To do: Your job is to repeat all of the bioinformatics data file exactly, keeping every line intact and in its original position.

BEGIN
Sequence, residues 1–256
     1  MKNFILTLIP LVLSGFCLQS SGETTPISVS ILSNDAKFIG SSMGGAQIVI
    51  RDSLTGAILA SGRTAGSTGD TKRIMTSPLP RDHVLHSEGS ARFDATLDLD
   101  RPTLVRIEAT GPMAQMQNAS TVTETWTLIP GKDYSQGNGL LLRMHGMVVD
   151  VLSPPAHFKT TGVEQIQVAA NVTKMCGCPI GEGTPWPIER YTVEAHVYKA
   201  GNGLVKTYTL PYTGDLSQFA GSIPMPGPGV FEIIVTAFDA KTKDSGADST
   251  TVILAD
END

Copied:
Sequence, residues 1–256
     1  MKNFILTLIP LVLSGFCLQS SGETTPISVS ILSNDAKFIG SSMGGAQIVI
    51  RDSLTGAILA SGRTAGSTGD TKRIMTSPLP RDHVLHSEGS ARFDATLDLD
   101  RPTLVRIEAT GPMAQMQNAS TVTETWTLIP GKDYSQGNGL LLRMHGMVVD
   151  VLSPPAHFKT TGVEQIQVAA NVTKMCGCPI GEGTPWPIER YTVEAHVYKA
   201  GNGLVKTYTL PYTGDLSQFA GSIPMPGPGV FEIIVTAFDA KTKDSGADST
   251  TVILAD